Category: Ecological Research
Title: Potential Fire Behavior is Reduced Following Forest Restoration Treatments
Author: * Fule, P.Z. , McHugh, C. , * Heinlein, T.A. , * Covington, W.W.
Subject: Fire behavior, Tree thinning, Prescribed burns, Ecological Restoration
Abstract: Potential fire behavior was compared under dry, windy weather conditions in 12 ponderosa pine stands treated with alternative thinning prescriptions in the wildland/urban interface of Flagstaff, Arizona. Prior to thinning, stands averaged 474 trees/acre, 158 ft2/acre basal area, crown bulk density 0.0045 lb/ft3, and crown base height 19.2 ft. Three thinning treatments differing in residual tree density were applied to each of three stands (total of nine treated, three control). Treatments were based on historic forest structure prior to Euro-American settlement and disruption of the frequent fire regime (circa 1876). Thinning reduced stand densities 7788 percent, basal areas 3566 percent, crown bulk densities 2448 percent, and raised crown base height an average of 11 ft. Before thinning, simulated fire behavior under the 97th percentile of June fire weather conditions was predicted to be intense but controllable (5.4 ft flame lengths). However, active or passive crownfires were simulated using crown base heights in the lowest quintile (20 percent) or winds gusting to 30 mph, representing the fuel ladders and wind gusts that are important for initiating crown burning. Under the identical conditions after thinning, all three treatments resisted crown burning. The degree of resistance was related to thinning intensity. It is crucial to remove thinning slash fuels through prescribed burning or other means. If not removed, slash fuels can cause crownfire behavior in the thinned stands under severe wildfire conditions. Finally, the crownfire resistance achieved through thinning will deteriorate over time unless maintenance burning and/or thinning is continued.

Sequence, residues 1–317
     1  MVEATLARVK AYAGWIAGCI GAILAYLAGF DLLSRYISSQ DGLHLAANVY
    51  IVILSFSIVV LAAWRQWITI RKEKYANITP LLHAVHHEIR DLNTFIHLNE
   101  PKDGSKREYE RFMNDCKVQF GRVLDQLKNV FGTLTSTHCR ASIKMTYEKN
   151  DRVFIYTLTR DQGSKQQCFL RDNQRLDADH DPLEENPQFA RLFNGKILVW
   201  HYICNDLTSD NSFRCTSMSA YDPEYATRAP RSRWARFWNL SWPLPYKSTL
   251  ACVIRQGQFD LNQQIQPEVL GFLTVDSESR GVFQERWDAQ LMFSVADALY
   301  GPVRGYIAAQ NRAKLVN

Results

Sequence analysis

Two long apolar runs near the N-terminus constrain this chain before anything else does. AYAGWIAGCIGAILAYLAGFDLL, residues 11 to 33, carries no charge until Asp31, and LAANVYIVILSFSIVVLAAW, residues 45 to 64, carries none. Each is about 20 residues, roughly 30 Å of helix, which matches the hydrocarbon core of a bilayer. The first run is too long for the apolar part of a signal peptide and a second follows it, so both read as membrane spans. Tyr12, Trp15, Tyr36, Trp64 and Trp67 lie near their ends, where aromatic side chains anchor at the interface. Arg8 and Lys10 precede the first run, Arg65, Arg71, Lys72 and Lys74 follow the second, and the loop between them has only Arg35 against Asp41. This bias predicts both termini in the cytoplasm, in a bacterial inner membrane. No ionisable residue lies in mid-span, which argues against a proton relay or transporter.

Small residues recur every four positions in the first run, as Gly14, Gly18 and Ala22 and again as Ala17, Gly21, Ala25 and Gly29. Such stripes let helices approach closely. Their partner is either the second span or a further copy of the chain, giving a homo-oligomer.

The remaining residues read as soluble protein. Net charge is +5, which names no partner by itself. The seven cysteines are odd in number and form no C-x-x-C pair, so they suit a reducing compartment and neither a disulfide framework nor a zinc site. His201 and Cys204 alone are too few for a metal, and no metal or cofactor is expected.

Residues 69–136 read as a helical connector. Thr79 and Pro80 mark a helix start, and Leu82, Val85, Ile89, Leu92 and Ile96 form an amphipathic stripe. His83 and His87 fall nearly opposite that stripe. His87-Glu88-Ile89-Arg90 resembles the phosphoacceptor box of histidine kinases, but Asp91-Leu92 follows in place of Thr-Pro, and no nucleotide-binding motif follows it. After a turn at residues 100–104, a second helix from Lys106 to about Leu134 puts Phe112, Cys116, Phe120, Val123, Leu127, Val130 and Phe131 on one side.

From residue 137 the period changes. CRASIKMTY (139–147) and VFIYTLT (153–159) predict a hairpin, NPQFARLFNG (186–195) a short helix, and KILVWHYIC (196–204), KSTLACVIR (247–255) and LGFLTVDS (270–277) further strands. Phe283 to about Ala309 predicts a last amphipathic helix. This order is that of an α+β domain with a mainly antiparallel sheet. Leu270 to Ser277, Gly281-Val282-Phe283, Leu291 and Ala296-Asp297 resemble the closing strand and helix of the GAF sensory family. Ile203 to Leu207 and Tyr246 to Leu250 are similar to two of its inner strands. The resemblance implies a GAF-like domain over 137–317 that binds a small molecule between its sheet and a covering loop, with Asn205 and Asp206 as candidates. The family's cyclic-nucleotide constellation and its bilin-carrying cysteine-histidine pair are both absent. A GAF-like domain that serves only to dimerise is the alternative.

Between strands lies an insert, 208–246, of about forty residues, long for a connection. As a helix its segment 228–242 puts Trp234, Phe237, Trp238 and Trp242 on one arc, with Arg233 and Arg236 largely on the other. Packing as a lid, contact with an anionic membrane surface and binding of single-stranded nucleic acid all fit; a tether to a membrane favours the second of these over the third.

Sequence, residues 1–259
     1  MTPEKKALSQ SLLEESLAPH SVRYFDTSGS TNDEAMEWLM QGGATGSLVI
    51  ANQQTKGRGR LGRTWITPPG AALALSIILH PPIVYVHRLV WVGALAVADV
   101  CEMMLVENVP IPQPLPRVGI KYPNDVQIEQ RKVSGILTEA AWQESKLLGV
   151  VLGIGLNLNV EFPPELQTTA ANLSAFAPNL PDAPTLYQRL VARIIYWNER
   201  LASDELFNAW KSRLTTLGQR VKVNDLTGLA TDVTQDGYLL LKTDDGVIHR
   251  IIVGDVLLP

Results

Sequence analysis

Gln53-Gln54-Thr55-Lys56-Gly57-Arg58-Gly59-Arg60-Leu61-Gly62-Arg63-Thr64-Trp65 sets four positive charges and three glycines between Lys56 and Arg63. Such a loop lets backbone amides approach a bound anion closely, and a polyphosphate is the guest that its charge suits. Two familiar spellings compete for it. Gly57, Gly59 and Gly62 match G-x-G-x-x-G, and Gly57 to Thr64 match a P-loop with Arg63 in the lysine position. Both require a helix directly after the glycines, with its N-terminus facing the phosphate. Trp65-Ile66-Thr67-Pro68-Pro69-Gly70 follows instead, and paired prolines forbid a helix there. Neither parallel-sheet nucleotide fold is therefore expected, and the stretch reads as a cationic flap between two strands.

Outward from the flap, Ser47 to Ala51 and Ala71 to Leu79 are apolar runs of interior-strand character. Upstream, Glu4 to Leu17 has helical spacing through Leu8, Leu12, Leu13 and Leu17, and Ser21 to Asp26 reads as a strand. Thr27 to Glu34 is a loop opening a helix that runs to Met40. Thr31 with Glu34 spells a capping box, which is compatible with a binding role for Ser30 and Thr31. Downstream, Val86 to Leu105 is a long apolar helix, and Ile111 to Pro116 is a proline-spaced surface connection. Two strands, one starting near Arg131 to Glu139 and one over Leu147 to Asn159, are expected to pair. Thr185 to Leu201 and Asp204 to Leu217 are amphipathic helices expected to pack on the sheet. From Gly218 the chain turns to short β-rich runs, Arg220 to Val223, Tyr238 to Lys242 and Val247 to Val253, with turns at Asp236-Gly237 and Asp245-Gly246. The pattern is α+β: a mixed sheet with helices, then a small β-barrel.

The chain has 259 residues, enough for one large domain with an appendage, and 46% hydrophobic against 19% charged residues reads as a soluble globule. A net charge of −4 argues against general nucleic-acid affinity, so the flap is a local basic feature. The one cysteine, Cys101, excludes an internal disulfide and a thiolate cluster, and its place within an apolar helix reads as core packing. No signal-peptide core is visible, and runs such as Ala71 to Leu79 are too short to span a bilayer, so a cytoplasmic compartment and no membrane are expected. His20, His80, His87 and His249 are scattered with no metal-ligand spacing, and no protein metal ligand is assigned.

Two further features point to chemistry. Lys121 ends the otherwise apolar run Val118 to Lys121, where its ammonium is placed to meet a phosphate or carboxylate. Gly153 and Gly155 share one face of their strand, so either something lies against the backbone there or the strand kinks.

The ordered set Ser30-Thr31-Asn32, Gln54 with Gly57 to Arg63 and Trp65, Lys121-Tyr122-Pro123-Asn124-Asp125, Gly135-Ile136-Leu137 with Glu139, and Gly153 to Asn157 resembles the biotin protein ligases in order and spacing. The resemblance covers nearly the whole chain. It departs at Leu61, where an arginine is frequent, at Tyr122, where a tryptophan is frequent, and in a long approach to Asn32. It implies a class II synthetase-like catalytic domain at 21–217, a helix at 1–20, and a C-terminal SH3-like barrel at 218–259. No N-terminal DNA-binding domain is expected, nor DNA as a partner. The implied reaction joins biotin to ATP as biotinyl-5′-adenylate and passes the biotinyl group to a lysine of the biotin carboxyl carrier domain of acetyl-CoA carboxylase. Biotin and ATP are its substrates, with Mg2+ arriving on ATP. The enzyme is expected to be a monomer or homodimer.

Source: Rocky Mountain Research Station Proceedings
Publisher: USDA Forest Service, Rocky Mountain Research Station, http://www.fs.fed.us/rmrs/